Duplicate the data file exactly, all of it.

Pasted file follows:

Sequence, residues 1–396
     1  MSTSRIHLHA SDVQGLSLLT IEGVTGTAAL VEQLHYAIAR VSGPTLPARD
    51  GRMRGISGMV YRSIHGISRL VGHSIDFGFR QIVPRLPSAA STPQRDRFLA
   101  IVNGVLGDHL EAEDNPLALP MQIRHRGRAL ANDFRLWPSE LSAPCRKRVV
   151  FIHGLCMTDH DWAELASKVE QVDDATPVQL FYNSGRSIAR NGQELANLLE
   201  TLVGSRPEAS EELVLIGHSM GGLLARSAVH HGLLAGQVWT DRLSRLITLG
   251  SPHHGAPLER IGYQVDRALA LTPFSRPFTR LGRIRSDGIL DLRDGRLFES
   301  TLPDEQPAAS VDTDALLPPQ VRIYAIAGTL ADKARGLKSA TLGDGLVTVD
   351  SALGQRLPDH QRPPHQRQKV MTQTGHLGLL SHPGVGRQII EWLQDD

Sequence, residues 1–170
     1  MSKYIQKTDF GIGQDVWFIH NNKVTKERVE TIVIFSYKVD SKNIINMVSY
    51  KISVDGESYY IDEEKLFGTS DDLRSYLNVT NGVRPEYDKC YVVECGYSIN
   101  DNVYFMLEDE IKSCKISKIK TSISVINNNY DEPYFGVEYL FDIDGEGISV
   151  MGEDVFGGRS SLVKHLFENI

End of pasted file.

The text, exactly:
Sequence, residues 1–396
     1  MSTSRIHLHA SDVQGLSLLT IEGVTGTAAL VEQLHYAIAR VSGPTLPARD
    51  GRMRGISGMV YRSIHGISRL VGHSIDFGFR QIVPRLPSAA STPQRDRFLA
   101  IVNGVLGDHL EAEDNPLALP MQIRHRGRAL ANDFRLWPSE LSAPCRKRVV
   151  FIHGLCMTDH DWAELASKVE QVDDATPVQL FYNSGRSIAR NGQELANLLE
   201  TLVGSRPEAS EELVLIGHSM GGLLARSAVH HGLLAGQVWT DRLSRLITLG
   251  SPHHGAPLER IGYQVDRALA LTPFSRPFTR LGRIRSDGIL DLRDGRLFES
   301  TLPDEQPAAS VDTDALLPPQ VRIYAIAGTL ADKARGLKSA TLGDGLVTVD
   351  SALGQRLPDH QRPPHQRQKV MTQTGHLGLL SHPGVGRQII EWLQDD

Sequence, residues 1–170
     1  MSKYIQKTDF GIGQDVWFIH NNKVTKERVE TIVIFSYKVD SKNIINMVSY
    51  KISVDGESYY IDEEKLFGTS DDLRSYLNVT NGVRPEYDKC YVVECGYSIN
   101  DNVYFMLEDE IKSCKISKIK TSISVINNNY DEPYFGVEYL FDIDGEGISV
   151  MGEDVFGGRS SLVKHLFENI